It is unnecessary to recount the bloat, missing multiple live waves every single heat, inane booth chatter etc. but what regularly gets me is that none of it ever changes. The various World Surf League chiefs treat it all as if God, after handing Moses the Ten Commandments atop Mt. Sinai, also passed along the Official Rules and Regulations of Professional Surfing at its Highest Level Never to be Altered or Touched by Human Hands.

Asinine and made perpetually more so when other niche sports do themselves proud by experimenting with stale formats, bending the “established ways” to fit what makes them unique and special as opposed to the other way around.

And let us take snowboarding. As you know, I am currently in Canada searching for depressed Erin Brooks fans. Natural Selection, the core lord snowboarding event, just so happens to be in town and likely running tomorrow. Now, like many bracketed competitions, riders go head to head, sans repechage, but how to seed? In the old ways wherein highest ranked goes against lowest ranked because that is the way God intended?

No.

Natural Selection hosts an event at the kickoff of the window, introducing all riders then randomly selecting a name. The winner gets to choose when he/she wants to drop. At the beginning, it is mostly about timing but as the draw fills, it becomes about whom the selected think she/he can beat.

The glove slap across face receiving oooohs and aaaaahs from a captive audience.

But what if professional surfing plagiarized? How much more fun would it be to see John John Florence pick his foe instead of simply going up against some low ranked cannon fodder? To see Italo Ferreira dancing the samba while pointing at Griffin Colapinto?

Too bad the World Surf League cannot change anything.

Ever.


Comment live, Finals Day, MEO Rip Curl Pro Portugal!

Gabriel Medina expected to gore all comers on Finals Day!


Kelly Slater at Snapper Rocks, Gold Coast.
Kelly Slater, unimpaired it seems, by recent-ish hip surgery. | Photo: Pauly

Injured Kelly Slater stuns surf fans with Gold Coast cameo!

Three days after his now-famous turn of the Hawaiian winter, Kelly Slater washes away the human taint at Snapper Rocks…

Surf fans on the Australia’s Gold Coast were left slack-jawed today after Kelly Slater made a surprise appearance at the Supabank, despite carrying the baggage of recent-ish hip surgery.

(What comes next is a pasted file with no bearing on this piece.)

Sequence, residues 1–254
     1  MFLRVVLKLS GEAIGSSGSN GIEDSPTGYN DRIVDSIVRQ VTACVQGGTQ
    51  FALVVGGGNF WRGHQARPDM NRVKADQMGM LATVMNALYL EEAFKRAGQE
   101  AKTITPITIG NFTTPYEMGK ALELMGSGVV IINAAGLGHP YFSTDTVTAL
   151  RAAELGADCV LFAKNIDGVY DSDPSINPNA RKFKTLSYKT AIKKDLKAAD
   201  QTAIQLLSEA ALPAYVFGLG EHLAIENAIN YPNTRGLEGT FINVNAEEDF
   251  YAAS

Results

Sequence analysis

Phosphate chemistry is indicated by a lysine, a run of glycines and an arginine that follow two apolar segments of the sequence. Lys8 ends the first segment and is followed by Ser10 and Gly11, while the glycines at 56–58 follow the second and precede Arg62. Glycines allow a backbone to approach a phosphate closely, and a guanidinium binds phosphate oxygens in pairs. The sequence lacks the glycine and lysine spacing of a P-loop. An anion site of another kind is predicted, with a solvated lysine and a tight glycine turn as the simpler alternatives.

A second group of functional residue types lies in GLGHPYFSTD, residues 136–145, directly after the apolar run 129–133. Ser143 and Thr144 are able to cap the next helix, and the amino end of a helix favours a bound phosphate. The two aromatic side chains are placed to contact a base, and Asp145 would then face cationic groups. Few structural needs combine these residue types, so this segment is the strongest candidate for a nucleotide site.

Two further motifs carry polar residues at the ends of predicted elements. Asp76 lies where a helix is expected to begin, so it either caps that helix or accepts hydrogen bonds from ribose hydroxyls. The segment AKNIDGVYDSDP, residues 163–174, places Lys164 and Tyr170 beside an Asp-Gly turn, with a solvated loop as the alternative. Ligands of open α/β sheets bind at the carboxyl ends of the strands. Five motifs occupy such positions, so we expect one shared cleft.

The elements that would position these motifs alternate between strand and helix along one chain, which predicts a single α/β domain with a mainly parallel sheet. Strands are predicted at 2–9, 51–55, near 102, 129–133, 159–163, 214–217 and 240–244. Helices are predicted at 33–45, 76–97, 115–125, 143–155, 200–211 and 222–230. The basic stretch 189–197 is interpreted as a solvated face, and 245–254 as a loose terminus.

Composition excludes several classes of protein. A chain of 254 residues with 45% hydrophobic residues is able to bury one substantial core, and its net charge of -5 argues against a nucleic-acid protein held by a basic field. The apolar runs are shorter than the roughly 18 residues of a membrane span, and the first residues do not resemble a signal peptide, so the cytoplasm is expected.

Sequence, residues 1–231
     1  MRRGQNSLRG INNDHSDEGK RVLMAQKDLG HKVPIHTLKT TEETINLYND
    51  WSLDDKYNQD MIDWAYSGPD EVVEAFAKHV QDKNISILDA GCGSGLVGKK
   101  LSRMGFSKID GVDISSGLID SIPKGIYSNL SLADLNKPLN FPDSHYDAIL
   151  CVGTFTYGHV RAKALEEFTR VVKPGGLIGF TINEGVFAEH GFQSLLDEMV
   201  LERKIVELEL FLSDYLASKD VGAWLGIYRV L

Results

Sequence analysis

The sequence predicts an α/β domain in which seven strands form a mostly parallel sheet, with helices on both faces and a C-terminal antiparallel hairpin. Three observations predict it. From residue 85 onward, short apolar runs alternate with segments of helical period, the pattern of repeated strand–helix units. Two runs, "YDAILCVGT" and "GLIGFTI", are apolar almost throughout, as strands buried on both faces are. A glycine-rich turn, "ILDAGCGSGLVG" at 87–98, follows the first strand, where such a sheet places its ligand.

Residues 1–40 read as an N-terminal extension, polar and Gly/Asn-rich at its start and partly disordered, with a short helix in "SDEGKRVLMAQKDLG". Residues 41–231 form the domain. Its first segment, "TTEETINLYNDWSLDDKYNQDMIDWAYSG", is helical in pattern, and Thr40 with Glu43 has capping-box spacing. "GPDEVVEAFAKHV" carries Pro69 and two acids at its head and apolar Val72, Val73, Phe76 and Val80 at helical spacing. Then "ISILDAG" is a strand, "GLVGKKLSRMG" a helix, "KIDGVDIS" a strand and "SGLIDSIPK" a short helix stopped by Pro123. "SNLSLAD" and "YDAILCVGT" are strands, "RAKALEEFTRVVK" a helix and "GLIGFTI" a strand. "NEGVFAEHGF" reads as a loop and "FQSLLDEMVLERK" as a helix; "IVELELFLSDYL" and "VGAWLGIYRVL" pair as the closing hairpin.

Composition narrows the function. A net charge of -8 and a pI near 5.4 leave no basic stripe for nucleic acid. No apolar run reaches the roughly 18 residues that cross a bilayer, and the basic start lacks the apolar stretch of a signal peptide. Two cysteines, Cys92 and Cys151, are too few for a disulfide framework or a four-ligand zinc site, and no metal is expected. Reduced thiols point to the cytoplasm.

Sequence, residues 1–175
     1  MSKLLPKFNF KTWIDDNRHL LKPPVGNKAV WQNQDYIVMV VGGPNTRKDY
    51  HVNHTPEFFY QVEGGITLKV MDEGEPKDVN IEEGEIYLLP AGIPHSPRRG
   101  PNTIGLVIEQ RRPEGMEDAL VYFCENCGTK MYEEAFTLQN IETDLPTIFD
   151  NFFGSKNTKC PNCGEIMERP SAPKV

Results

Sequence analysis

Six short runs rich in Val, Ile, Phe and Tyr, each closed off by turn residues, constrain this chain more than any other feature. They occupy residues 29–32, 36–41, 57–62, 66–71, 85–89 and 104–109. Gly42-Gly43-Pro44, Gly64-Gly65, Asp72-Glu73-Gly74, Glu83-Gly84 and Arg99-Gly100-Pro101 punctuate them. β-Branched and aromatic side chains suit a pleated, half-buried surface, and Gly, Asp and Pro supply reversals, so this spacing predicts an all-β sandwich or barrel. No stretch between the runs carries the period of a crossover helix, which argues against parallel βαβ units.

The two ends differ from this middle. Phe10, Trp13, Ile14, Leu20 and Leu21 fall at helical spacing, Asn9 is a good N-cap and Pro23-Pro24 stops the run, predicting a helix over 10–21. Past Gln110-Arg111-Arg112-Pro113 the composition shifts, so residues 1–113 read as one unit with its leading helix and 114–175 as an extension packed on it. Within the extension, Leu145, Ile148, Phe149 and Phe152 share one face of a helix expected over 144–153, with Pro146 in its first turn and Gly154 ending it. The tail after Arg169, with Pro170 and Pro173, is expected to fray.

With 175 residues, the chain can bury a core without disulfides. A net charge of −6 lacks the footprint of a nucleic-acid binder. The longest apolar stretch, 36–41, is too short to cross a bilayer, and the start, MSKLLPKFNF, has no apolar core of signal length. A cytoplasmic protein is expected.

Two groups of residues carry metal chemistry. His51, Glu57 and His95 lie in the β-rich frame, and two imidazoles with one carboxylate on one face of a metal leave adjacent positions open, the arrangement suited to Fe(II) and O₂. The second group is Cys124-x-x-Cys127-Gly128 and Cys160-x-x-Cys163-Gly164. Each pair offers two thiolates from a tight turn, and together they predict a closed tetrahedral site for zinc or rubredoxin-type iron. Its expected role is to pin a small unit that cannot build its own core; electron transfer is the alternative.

The fifty-two-year-old was passionately mobile on the perfect east-swell fermented waves, running  without hindrance or limp back to the point after several long rides. 

“Kelly Slater fought back tears from his injury pain but still managed to jag some,” one surf fan wrote to BeachGrit.

Although clips of Kelly Slater are yet to drop, the quality of the waves today was impeccable.

We may hate the Supabank crowd, the insanity of their flailing gestures, their erratic scissoring gait, their aimless stumbling ways, the tombstone whiteness of their faces, but all it takes is one ride, like this local’s wave, below, to make it all fade away.

And, this drainer from yesterday starring indigenous teen Lungi Slabb,

 

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Only one week ago, the same surf fans were shocked when Kelly Slater withdrew from the MEO Rip Curl Pro Portugal, blaming his no-show on the slow recovery from surgery to repair the ring of cartilage that lines the rim of the hip joint socket.

A little over six months back, orthopaedic surgeon Warren Kramer gave Slater a Labral reconstruction where “They took a cadaver’s labrum, inserted it and tied it to my bone,” Slater explained.

“Warren said my Labrum was basically shredded from end to end…there were bone spurs on the femur head…I also had a lot of scar tissue. Warren got in there and said it looked like a war zone, said he had to get in there and chop through the woods.”